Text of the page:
PHOTOS: Queen Elizabeth II surpasses Queen Victoria’s long reign

FILE - This is a April 20, 2006 file photo of Queen Elizabeth II sitting in the Regency Room at Buckingham Palace in London looking at some of the cards which have been sent to her for her 80th birthday. (Fiona Hanson/PA, File via AP) UNITED KINGDOM OUT NO SALES NO ARCHIVE

GREAT BRITAIN (NEWS10) — It was a day for the history books. But it was not in her majesty’s temperament to make much of a fuss.

On Wednesday, September 9, 2015, about 5:30 p.m., Queen Elizabeth II became the longest reigning monarch in Britain’s proud history, dating back more than a millennium to the days when kings and queens enjoyed absolute power.

PHOTO GALLERY: Queen Elizabeth II sets record

Serving as sovereign for 23,226 days (about 63 years and 7 months), according to the Buckingham Palace, Elizabeth surpassed Queen Victoria, her great-great-grandmother, a woman so powerful that she stamped an era with her name.

She has served longer than Henry VIII (37 years), longer than any of the various King Richards, far longer than her own father, King George VI (15 years). She certainly reigned longer than King Edward VIII, her uncle, who abdicated after less than a year so he could marry Wallis Simpson, a divorced American.

Elizabeth was there before the Beatles, there as the nation coped with postwar rationing, there during what she called the “annus horribilis” in 1992, in which the monarchy appeared threatened as three of her four children became separated or divorced. She was there in 1997, when the nation mourned the untimely death of the late Princess Diana.

Now a great-grandmother, Elizabeth has overseen a blossoming of the British monarchy, symbolized by her grandson, Prince William, whose royal wedding in 2011 was watched around the world and who has produced two popular children, including a future king.

Wednesday was a day of astonishing achievement, but the 89-year-old queen marked it as she has done so many times before: Quietly going about her business, opening a railway line, unveiling a plaque, meeting her subjects.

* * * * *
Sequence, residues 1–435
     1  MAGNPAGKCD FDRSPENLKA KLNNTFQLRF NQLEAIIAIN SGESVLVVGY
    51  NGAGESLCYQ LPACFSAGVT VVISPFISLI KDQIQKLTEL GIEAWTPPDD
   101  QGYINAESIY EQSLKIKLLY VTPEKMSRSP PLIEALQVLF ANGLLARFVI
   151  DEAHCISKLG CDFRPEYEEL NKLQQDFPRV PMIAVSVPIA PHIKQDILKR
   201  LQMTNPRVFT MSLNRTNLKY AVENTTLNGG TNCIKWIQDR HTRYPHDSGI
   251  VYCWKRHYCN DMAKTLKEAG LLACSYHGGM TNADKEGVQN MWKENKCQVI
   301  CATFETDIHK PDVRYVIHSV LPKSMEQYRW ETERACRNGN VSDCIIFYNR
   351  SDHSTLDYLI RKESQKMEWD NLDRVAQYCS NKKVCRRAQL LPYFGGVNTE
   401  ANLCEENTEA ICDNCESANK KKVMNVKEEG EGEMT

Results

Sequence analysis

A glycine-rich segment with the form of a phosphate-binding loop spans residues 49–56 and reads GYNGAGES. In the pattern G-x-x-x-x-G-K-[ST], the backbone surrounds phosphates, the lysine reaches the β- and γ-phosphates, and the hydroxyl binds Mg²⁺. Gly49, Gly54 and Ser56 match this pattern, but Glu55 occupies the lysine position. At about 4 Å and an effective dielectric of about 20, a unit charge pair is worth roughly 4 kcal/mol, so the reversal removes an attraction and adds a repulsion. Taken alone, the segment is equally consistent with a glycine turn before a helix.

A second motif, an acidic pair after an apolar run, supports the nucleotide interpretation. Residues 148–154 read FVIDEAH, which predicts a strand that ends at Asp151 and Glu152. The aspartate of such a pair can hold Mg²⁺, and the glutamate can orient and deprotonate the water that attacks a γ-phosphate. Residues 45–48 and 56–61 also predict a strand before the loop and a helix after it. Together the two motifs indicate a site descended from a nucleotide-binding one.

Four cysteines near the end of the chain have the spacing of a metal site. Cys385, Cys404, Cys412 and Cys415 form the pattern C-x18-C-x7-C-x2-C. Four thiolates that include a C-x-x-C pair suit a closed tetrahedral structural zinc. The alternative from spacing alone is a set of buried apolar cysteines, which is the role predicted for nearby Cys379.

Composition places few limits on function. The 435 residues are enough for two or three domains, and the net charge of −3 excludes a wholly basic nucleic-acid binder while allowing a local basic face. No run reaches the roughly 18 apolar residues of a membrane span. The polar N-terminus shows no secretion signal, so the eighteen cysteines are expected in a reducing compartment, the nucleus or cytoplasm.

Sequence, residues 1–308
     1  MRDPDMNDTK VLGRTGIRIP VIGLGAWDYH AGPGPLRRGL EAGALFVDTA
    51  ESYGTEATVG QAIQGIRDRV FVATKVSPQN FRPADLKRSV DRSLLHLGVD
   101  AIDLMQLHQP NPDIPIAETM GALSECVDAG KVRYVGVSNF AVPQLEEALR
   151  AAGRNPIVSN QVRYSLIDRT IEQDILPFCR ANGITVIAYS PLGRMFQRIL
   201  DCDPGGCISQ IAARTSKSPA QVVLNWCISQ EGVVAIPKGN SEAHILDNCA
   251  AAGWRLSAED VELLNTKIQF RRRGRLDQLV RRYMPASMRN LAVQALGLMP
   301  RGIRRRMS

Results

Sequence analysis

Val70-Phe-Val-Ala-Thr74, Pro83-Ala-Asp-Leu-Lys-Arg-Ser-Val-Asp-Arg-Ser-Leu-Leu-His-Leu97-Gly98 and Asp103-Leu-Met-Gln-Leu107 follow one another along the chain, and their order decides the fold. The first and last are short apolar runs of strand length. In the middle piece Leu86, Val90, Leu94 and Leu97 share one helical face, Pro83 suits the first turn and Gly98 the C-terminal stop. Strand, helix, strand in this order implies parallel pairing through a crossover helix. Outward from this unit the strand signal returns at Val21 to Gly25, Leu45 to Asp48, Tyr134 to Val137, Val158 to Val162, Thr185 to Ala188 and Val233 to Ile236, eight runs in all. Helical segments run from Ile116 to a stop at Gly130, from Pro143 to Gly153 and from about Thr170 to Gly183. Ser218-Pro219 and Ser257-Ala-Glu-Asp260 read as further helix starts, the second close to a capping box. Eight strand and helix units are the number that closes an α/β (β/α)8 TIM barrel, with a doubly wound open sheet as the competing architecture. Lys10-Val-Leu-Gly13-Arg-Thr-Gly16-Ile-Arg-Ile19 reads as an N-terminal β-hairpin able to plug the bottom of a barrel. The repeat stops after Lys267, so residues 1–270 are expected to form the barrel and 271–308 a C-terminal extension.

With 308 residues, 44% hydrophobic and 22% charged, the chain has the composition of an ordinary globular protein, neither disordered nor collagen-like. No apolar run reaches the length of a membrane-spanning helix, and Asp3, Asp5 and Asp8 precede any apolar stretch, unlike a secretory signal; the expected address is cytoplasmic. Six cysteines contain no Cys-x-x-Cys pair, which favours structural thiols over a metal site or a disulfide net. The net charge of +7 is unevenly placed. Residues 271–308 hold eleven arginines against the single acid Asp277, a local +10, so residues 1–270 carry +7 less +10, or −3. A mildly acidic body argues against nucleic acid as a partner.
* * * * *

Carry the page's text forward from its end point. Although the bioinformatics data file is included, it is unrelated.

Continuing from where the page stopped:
She did acknowledge the event, however, telling an adoring crowd at a Scottish railway station on Wednesday it was not a milestone she had sought out.

“I thank you all, and all of the many others at home and overseas, for your touching messages of great kindness,” said Elizabeth, wearing a two-tone blue coat and matching hat. “(It was) not one to which I have ever aspired.”

Elizabeth didn’t say much — her “speech” lasted perhaps a minute or two. She certainly didn’t boast about her longevity, reflect on her reign, or comment on the statesmen she has known, from wartime leader Winston Church to the current Conservative prime minister, David Cameron.

That just wouldn’t be Elizabeth, who’s modest quietude has, paradoxically, developed a grandeur all its own over the decades. In her silence lies mystery. What does she really think? Few really know and those who do aren’t saying.

If the queen found it unseemly to boast of her accomplishment — her reign did, after all, begin with the abrupt death of her father — others in the British establishment showed no hesitation in praising the only monarch most Britons have ever known.

Oversize photographs of Elizabeth dominated most newspapers, with the tone set by The Daily Telegraph, which called the queen “our rock of stability for 63 years” in its headline.

“Opening a railway captures the same sense of understatement, but we should not doubt that today is a great moment in our national story,” it said.

Elizabeth came to the throne in 1952 at age 25 upon the death of her father, King George VI. Her official coronation the following year marked one of the first major public events to be televised.

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